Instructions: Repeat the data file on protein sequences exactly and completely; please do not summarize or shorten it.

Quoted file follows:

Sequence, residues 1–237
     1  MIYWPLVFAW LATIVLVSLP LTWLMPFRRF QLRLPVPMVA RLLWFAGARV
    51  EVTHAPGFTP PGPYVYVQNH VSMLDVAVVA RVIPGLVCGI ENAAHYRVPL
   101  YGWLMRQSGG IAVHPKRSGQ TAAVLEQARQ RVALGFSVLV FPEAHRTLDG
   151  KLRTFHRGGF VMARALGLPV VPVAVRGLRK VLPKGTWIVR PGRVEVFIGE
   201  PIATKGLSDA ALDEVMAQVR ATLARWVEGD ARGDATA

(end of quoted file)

Sequence, residues 1–237
     1  MIYWPLVFAW LATIVLVSLP LTWLMPFRRF QLRLPVPMVA RLLWFAGARV
    51  EVTHAPGFTP PGPYVYVQNH VSMLDVAVVA RVIPGLVCGI ENAAHYRVPL
   101  YGWLMRQSGG IAVHPKRSGQ TAAVLEQARQ RVALGFSVLV FPEAHRTLDG
   151  KLRTFHRGGF VMARALGLPV VPVAVRGLRK VLPKGTWIVR PGRVEVFIGE
   201  PIATKGLSDA ALDEVMAQVR ATLARWVEGD ARGDATA